Irish Landscape Photography by www.calaido.com



A quick HDR Tutorial for Landscape Photography 26.02.2009


Ok Guys, you asked for it and here it comes - the first question: "How did you take the Waterville Sunset Image and why are the colours so brilliant?" The Answer is: HDR Photography! Here some simple steps. As you all know, you need a lot of fantasy to understand my wild english ( : That's why i don't torture you and i will just focus on the mainsteps and created a very simple basic tutorial. Detailed information you will find in the bursting web. Photoshop adjustment layers etc will become an own thread soon. So enjoy and post questions in the comment section if you need to.



What the hell is HDR Photography?

A new crop of technologies using High Dynamic Range imaging expands the normal range of detailed portions of a photograph way beyond the limited range that people are accustomed to seeing with traditional media. HDR images consist of several pictures taken of a single frame, each shot adjusted slightly from a dark exposure to a light exposure, then the pictures are combined into one. This produces a photo in which the darkest and lightest parts of the picture, and everything in between, have full detail. There are no parts of the photo that are too light or too dark. This means that an interior photo of your guesthouse, conference room or spa can have perfect exposure of the featured room’s beauty, as well as having the outside view in all its splendour or the glory of landscapes.

What do I need?



1 - Camera with bracketing options / Auto Exposure Bracketing (AEB)
2 - Tripod
3 - Landscape (Movement is a big problem for HDR Photography... choose days without wind)
4 - Processing Software (Photomatix and ADOBE Photoshop)


Ok and now?

1 - Choose a scene without movement (no wind, no people)
2 - set up your camera to RAW files!! ( HDR software works with RAW )
3 - set up your AEB to -2 / +2 and take 3 images (make sure that the white balance is similar in all 3 shots. Later you can expand it to 7 images - see examples - but wait until you have more practise)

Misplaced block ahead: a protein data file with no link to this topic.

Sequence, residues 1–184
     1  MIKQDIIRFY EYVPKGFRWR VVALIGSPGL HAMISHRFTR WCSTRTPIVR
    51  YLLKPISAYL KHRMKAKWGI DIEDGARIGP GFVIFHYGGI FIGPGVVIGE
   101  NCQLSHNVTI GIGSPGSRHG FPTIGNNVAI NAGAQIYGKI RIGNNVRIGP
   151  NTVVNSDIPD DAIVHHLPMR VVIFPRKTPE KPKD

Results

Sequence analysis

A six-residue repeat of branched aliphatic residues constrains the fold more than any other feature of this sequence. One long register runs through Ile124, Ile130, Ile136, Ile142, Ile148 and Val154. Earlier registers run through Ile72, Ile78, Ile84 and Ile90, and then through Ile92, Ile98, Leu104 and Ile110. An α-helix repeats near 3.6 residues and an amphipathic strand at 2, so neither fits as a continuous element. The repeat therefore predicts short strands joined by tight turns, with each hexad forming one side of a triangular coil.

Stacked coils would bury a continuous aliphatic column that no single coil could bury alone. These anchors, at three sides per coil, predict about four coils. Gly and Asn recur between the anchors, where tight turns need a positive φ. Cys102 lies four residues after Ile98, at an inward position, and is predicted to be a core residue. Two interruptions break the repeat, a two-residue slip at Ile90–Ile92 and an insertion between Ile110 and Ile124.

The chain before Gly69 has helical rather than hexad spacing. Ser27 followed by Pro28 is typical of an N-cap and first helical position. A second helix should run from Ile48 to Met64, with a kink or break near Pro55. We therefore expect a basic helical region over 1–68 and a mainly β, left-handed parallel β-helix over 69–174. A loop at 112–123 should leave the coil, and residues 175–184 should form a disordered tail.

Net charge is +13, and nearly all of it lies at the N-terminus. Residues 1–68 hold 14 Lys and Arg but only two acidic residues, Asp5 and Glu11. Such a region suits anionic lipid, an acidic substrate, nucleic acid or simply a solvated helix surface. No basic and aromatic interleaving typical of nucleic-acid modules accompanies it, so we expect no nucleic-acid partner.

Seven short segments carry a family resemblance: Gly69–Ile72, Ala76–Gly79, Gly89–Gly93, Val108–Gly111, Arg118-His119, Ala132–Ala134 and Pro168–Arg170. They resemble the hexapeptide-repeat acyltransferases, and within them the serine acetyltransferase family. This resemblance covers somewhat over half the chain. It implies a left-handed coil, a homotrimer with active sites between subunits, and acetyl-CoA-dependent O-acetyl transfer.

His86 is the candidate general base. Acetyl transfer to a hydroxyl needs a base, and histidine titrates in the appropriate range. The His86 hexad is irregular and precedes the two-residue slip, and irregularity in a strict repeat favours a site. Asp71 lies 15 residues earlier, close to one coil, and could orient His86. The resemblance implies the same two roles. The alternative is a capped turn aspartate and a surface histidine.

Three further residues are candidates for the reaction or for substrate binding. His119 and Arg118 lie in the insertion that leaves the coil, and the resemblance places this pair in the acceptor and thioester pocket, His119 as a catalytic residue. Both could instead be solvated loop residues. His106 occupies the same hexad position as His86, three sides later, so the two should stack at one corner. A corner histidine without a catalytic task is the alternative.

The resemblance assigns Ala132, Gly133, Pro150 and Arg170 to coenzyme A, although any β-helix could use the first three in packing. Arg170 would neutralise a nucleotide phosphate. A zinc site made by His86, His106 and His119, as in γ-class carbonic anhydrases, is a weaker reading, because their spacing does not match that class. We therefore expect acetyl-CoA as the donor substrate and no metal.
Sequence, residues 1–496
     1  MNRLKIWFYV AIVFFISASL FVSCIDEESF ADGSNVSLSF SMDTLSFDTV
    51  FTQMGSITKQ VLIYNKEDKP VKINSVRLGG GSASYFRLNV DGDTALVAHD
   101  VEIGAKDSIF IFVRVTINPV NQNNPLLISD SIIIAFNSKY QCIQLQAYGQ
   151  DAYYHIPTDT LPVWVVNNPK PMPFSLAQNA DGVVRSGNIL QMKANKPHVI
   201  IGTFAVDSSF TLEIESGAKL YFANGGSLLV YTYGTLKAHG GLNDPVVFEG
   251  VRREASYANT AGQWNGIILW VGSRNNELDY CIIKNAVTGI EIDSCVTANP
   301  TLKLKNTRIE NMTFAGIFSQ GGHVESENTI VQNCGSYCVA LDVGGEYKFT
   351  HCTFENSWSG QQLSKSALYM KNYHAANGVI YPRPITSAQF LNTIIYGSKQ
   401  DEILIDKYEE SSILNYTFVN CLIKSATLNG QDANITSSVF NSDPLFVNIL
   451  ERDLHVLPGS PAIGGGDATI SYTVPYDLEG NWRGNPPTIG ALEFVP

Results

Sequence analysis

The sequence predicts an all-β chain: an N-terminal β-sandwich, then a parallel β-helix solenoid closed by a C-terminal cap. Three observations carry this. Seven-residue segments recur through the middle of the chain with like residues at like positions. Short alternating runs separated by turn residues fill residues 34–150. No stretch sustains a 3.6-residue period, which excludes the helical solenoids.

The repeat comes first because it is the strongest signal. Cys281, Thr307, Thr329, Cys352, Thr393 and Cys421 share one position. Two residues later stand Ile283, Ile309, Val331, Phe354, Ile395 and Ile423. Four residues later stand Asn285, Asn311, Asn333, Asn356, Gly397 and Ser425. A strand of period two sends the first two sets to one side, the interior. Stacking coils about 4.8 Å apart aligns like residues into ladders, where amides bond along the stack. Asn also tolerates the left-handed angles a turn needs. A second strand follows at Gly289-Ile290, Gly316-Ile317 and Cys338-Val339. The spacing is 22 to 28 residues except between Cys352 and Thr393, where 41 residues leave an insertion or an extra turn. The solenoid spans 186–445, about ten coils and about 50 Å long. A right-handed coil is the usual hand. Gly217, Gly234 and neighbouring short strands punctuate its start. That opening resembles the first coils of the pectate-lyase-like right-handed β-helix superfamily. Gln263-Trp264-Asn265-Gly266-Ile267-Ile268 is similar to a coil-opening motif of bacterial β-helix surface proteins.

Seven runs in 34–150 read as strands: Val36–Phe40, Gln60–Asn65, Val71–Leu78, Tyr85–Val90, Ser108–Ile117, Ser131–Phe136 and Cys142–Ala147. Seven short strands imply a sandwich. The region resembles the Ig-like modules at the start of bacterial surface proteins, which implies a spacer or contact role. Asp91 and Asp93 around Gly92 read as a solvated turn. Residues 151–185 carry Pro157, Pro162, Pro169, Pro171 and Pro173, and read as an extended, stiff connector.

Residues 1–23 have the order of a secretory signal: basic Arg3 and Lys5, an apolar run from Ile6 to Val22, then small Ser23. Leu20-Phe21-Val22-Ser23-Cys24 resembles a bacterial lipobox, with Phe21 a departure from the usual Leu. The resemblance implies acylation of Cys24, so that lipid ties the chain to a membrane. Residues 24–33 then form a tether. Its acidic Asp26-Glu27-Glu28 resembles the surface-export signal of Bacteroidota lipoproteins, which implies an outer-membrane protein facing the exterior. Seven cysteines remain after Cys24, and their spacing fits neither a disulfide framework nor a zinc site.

4 - check the images on your display - you should have a underexposed / overexposed and well balanced image - go home or do it at home ( : )



5 - Download your Raw Files and choose "HDR" in Photomatix (The software will merge them)
6 - the software will offer Tonemapping or compression to adjust the hdr file - i choose tonemapping usually
7 - play around with the 3 mio tabs until you are happy with the image. I create very soft hdr files, all infos are in the file and i will adjust contrast and colours in Photoshop ----






8 - adjust contrast, colour and saturation in Photoshop with adjustment layers until you are happy.



9 - that's it! Waterville, County Kerry, Ireland / Now bring them into a form


Here you can order postcards / folded cards







Any additional Tipps? 1 - stay relaxed with the "strenght option" in tonemapping palette. This will decide if your image will become one of these hdr monsters or a natural looking image 2- use 300% of your attention to get similar shots...no moving tripod etc 3 - don't adjust the maincontrast and colour with the tonemapping tool. Try to get a well balanced image in this option and do the mainwork in PS 4 - make sure that you use the same white balance for all images 5 - HDR is famous to unsharp your images...use min f16 / f22 and make sure that the original images are really sharp! 6 - watch out - the horrible cyan skies of HDR Photomatix - additional PS adjustment are necessary....otherwise it looks like a poisoned sky 7 - make sure that the typical "grey layer effect" of the tonemapping tool ("strenght") is under control! 8 - use noiseware software to reduce the .... (don't know that word) ...noise :D 9 - your archive: 1 RAW folder / 1 tonemapped file / 1 Photoshop PSD with adjustments _/ 1 Printfile - save the tonemappe adjustments so that you can start again whenever you see a mistake 10 - Use the Photomatix Fusion option for Tiffs and JPGS, this creates a very realistic light, for some images the better choice than tonemapping! 11 - clouds means trouble because they move. additional blurfilter in Photoshop is needed to get read of the copyoutlineeffect. 12 - that's it. Cheers Madeleine


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